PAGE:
Although a post World War I configuration Model 1920 Mk I, here is a photograph of a finely restored Rolls Royce Armoured Car currently residing at the Bovington Museum.

The basic specifications of the Rolls Royce Armoured Car are as follows:
Manufacturer   Rolls Royce
Number built   120 During World War I
Variants           Rolls Royce 1920 Pattern
                        Rolls Royce 1924 Pattern
                        Fordson Armored Car, Rolls
                        Royce Indian Pattern
Weight             4.7 tonnes
Length             4.93 m (194 in)
Width              1.93 m (76 in)
Height             2.54 m (100 in)
Crew               3
Armor             12 mm (0.47 in)
Main                .303cal. Vickers Medium
armament         Machine Gun
Secondary       None
Engine             6-cylinder petro, water-cooled
Power/weight  80 hp (60 kW)
                        19 hp/tonne
Suspension      4X2 wheel (double rear wheels),
                        Leaf spring
Operational      240 km (150 miles)
Speed (max.)   72 km/hr (45 mph)

The armoured car incorporated into the design of the collar device represents the highly modified  Rolls Royce Silver Ghost, with the first three vehicles being delivered on 3 December 1914. They replaced their predecessors, also Rolls Royces, which had been hurriedly improvised under Cdr Samson’s direction during the earliest days of World War I.

Both designs, as well as follow-on configurations have long been popular subjects of scale military model enthusiasts, as well as toy soldier and military miniature manufacturers. Among others the iconic British firm Wm. Britains Ltd. produced the Armoured Car, with swiveling gun, Set 1321, which was introduced in 1933 and produced until 1941. However, it represented a model of a hybrid Crossley/Rolls armoured car, not a pure Rolls. It was not until 1997, in a design by Charles Briggs, and a brief resurgence of cast alloy Britains, that the Royal Naval Armoured Car, 1914, Set 8925, made a brief appearance in 1:32 scale (same as Wm. Britains toy soldiers), in its Premier Series. It has long since been retired, now being sought on the internet and at auctions by collectors, particularly during the recent centennial of World War I. The following photographs chronicle a rare image of the original Rolls Amoured car, along with Charles Briggs and W. Britains Ltd, miniature reincarnation.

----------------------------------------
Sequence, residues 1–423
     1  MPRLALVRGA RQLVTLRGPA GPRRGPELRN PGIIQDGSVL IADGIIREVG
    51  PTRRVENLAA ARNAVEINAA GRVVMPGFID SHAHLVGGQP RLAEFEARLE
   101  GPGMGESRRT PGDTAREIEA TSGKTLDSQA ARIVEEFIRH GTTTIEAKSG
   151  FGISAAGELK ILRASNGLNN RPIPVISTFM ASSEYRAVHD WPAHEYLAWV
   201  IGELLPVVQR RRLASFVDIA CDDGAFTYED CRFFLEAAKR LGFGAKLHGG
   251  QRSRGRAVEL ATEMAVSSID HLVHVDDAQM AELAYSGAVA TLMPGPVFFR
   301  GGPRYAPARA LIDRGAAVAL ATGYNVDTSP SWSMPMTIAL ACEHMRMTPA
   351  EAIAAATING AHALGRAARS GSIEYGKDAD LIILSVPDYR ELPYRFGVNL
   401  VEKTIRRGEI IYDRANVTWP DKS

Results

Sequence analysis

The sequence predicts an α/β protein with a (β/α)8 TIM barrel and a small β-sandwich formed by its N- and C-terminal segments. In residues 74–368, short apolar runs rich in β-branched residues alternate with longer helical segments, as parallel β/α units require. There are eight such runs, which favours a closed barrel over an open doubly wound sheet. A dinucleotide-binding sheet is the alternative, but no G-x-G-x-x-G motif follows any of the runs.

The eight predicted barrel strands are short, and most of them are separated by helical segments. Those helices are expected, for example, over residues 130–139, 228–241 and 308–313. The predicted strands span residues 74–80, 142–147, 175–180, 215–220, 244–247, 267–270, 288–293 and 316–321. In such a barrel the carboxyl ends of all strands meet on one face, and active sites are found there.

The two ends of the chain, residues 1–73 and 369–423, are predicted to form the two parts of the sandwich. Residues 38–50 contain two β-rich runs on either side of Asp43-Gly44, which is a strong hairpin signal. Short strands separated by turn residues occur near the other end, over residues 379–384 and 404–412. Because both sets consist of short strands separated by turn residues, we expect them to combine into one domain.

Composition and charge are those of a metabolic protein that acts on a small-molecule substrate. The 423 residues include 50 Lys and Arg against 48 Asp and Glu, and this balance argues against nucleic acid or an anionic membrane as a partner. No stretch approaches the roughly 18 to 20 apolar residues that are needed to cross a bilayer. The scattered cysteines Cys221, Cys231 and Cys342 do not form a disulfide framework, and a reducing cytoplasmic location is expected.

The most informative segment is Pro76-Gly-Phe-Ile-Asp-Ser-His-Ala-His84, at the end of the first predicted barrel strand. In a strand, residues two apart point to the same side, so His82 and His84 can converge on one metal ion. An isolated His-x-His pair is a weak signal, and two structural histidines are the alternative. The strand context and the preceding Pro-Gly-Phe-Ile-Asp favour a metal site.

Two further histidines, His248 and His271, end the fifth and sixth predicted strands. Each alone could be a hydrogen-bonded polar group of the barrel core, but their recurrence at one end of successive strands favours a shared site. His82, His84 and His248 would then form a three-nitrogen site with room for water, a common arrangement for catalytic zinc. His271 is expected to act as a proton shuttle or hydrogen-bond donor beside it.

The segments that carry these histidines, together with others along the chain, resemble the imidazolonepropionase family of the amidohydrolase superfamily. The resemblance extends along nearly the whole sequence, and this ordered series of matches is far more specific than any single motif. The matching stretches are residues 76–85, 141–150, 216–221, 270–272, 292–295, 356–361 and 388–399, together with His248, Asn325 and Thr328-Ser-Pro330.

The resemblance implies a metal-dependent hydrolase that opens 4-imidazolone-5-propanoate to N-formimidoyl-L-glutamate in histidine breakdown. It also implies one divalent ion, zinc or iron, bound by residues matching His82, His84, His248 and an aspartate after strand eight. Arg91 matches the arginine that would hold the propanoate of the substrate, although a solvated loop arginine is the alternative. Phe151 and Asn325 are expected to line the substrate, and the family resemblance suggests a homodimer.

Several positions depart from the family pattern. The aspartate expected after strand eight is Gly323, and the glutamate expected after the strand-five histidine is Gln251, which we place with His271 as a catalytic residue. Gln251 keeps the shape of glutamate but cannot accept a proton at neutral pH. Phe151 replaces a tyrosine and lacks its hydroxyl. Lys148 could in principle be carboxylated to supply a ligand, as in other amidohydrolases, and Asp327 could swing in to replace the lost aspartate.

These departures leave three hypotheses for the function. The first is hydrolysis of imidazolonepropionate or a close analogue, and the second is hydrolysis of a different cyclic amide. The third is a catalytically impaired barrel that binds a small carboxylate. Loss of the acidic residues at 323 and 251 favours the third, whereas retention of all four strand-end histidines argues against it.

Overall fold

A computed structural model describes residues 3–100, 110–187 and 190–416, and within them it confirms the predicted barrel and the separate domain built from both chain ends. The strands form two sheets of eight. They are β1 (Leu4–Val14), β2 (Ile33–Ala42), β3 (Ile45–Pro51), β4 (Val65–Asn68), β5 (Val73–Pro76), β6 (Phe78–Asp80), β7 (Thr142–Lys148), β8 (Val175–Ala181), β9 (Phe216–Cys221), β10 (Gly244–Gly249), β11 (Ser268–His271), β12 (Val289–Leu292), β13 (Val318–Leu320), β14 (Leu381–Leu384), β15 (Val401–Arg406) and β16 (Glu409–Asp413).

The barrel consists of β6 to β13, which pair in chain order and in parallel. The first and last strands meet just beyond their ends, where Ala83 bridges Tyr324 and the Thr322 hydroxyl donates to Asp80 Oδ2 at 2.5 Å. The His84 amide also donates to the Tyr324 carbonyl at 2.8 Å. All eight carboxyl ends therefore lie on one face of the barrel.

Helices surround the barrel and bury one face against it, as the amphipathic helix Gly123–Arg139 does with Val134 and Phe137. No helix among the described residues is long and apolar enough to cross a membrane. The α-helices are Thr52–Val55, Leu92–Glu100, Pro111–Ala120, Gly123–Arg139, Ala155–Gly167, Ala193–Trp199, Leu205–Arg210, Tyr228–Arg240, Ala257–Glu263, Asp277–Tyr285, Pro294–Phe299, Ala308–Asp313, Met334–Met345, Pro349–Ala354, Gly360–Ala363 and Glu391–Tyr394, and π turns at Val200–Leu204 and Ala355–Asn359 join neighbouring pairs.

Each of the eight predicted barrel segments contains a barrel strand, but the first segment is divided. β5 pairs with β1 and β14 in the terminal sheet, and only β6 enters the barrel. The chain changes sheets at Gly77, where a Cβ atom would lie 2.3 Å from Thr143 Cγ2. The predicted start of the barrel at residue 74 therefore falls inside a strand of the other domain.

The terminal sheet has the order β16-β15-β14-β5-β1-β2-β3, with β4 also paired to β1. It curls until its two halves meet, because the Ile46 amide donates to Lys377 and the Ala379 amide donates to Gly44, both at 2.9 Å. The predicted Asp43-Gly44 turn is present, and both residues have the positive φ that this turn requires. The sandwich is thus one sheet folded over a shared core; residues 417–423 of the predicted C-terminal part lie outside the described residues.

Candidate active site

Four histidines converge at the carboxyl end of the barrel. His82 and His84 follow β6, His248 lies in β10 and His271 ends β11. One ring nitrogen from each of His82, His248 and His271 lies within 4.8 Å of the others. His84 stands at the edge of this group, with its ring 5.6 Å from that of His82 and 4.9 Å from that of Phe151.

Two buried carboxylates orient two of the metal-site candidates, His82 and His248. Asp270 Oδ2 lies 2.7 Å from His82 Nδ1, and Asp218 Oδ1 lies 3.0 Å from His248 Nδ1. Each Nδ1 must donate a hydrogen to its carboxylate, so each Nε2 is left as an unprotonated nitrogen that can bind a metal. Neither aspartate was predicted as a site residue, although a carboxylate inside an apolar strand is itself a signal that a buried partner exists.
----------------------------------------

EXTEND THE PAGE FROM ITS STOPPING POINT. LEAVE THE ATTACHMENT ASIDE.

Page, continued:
The purpose built Rolls Royce Armoured Car soldiered on at the conclusion of hostilities in 1918, serving in as divergent locations as Siberia to Ireland, India and Iraq during the inter-war years, and even on into the early period of World War II. It underwent significant modifications in the 1920 and 1924 models. The first photograph is of a beautifully restored (truly unbelievable), currently fully operational vehicle. 

However, for those of us who may be slightly less affluent, one of many alternatives exist. John Jenkins, another manufacturer of military miniatures, makes a 1:30 scale model of one of Cdr Samson's armored cars, issued as set De JJ-BGC-03, in the original accurate livery:

Thomas Gunn, still another military miniature maker, offers a slightly different color scheme, again in 1:30 scale, as set GW016B:

The firm King and Country brings the same car into World War II in the configuration employed by the British 1st Army in North Africa in 1940. The model, set EA044 was introduced in 2011,  also in 1:30 scale, it has been retired, and is now sought after by collectors.

For those readers who might be interested, the following is a video of the Rolls Royce Armoured Car, Mk I, Model 1920, showing it in service with two long term protagonists, Great Britain and the Irish Free State;